A similar small publication by Cordell in the same year, titled Queenscliffe: How to see it, includes details of accommodation, the sights and climate. The advertisements are always interesting. To travel there from Melbourne by steamer, visitors could take the ‘Queenscliffe’, in which ‘the Saloon and Fore Cabin are roomy and well furnished with an Excellent Table, and Refreshments are supplied at a Moderate Charge’. Or alternatively: ‘Passengers desiring Speed, Safety and Punctuality, with first-class Refreshments at Moderate Charges', are invited to patronise the “Williams”.’ An announcement at the beginning of the booklet indicates that for the Queenscliffe Public Baths ‘The Bathing Hours are arranged so as to accommodate Ladies and Gentlemen; and will be denoted by a White Flag for Ladies, and a Red Flag for Gentlemen.’ These small guides are sometimes exceedingly scarce, and State Library does not appear to hold an original copy of this item.
A true rarity, again published in 1874, is A Guide to Sorrento, printed by Stillwell and Knight of Collins St East. This pamphlet includes numerous testimonials for Sorrento as a health resort. Ernest Carter, a Melbourne dentist, was confident that the naturally-occurring lime of Sorrento would be beneficial for the teeth of young people. The notable Melbourne surgeons, James Beaney and John Blair, believed that the Sorrento air and scenery would assist their invalid patients in recovery.
Geelong is another area for which there are a number of early tourist booklets, perhaps the most appealing being the Visitors' Illustrated Guide to Geelong, 1879, ‘penned and pencilled by R. C. Q’. This guide, which was issued at one shilling, contains several very attractive lithographs. Similarly attractive is The Tourists' Guide to Geelong and the Southern Watering Places. (Melbourne, c. 1892). The one copy I have seen (which happens to be in the State Library) is so fragile that it now exists in a number of carefully preserved fragments. It contains a delightful advertisement for the Bay View Temperance Hotel:
This Hotel, which indeed partakes rather of the nature of a Superior Private Boarding Establishment, instead of the commonly met with so-called “Temperance Hotels”, is situated in one of the most salubrious and sight-pleasing positions in the town of Geelong, being on the rise of the hill ascending from the Bay, and standing at the corner of Bellerine and Corio streets […]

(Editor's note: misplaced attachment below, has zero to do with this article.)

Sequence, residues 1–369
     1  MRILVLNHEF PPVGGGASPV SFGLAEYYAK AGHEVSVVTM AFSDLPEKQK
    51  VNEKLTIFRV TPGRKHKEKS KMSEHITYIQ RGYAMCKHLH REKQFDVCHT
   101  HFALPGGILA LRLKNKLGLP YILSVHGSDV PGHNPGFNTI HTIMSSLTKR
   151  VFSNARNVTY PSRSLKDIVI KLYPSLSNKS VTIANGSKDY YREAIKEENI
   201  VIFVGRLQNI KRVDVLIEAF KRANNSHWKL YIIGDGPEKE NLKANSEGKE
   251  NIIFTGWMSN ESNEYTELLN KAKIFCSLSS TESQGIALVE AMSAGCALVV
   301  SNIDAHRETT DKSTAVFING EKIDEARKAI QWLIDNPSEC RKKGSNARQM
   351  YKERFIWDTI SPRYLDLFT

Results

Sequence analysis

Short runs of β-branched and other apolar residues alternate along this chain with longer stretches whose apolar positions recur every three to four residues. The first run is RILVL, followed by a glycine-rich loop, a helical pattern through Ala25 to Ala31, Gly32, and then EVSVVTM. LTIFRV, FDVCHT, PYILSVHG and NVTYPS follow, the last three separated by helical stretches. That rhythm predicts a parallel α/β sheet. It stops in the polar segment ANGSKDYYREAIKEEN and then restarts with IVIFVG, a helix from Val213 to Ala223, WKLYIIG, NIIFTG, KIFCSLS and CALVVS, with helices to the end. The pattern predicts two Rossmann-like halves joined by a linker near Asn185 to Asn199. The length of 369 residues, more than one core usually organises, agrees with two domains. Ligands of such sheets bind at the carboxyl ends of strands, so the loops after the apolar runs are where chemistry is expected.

With the advent of the present proprietress, the house has been thoroughly renovated; and the whole of the furniture was renewed at considerable expense, combined with taste and a view to comfort. The cuisine is by no means one of the least praise-worthy points in the general conduct of the Hotel; the table always bearing ample testimony to this fact. All visiting this Hotel during the holiday season, or, indeed, at any portion of the year, may be sure of receiving every attention and all the comforts of a refined home.
From Geelong we naturally pass on to Lorne but not by the route we would normally take today. The La Trobe Collection has two differing copies of a small book bound in red boards and gilt-titled ‘Beauties of Lorne’. One copy has a folding strip of illustrations of Lorne. A drop-title, Lorne: the Australian Torquay by James Hingston, is followed by twenty-one pages of text and advertisements. There is then at page 25, a drop-subtitle, Lorne, a Seaside Sketch by Wm. Little (Ballarat), and further description continuing through to page 43 which is dated 1879 (in one copy only). There are colophons for F. W. Niven of Ballarat at page 22 and page 44.
In Hingston's account he left Melbourne at 6 am and travelled by train via Geelong Junction to Winchelsea where he arrived at 9.30 a.m. A Cobb & Co. coach took him on a very rough ride through the Otways via Dean's Marsh to Lorne, where he lodged at the Grand Pacific. Hingston notes that the amenities of this great hotel included gas lighting, telephones and electric bells. By contrast, William Little stayed at the more modest, but very popular Mountjoy's (Erskine House). Both accounts give a good picture of Lorne long before the time of the Great Ocean Road and motor transport.
A Trip to Portland: The Watering Place of the West, Melbourne, 1880, is a typical guide for this period. Portland could be reached by train from Melbourne in 12 hours for 45 shillings ($4.50). Alternatively, a more leisurely sea voyage with calls at Warrnambool and Belfast (Port Fairy) took about 24 hours but cost only ten shillings ($1.00). Again, the various attractions of the town and district are described; but conservationists today would be alarmed by a comment in regard to caves known as the Bats Ridges on the way to Bridgewater:
And here the curious in such matters may explore to their hearts' content, sometimes even lose themselves, and take away a cargo of stalactites and stalagmites if their horses have no objection.